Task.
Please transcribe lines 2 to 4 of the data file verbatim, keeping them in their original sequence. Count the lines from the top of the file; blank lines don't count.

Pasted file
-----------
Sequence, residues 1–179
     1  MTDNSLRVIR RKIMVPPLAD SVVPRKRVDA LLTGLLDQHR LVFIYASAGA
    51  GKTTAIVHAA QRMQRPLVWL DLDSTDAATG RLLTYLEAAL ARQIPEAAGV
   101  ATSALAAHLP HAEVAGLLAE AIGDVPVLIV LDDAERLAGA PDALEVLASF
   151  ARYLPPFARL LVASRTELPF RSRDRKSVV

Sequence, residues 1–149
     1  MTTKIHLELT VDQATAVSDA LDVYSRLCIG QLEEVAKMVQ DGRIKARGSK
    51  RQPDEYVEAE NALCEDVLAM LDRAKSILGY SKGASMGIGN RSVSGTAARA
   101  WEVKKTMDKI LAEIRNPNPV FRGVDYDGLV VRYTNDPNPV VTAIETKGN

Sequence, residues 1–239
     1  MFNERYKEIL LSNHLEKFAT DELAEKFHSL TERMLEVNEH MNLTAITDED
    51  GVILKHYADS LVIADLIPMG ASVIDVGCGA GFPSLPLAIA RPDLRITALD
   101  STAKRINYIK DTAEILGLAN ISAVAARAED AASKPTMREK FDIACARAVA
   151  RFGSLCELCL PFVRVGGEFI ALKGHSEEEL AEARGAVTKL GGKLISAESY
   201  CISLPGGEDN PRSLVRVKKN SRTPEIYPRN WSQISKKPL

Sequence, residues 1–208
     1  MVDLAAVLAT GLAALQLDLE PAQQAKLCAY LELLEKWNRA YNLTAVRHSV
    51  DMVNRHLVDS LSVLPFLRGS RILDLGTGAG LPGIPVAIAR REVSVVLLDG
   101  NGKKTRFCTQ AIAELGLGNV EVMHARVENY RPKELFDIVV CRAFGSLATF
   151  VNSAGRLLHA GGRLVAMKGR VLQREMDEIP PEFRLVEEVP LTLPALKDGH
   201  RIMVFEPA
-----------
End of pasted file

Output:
     1  MTDNSLRVIR RKIMVPPLAD SVVPRKRVDA LLTGLLDQHR LVFIYASAGA
    51  GKTTAIVHAA QRMQRPLVWL DLDSTDAATG RLLTYLEAAL ARQIPEAAGV
   101  ATSALAAHLP HAEVAGLLAE AIGDVPVLIV LDDAERLAGA PDALEVLASF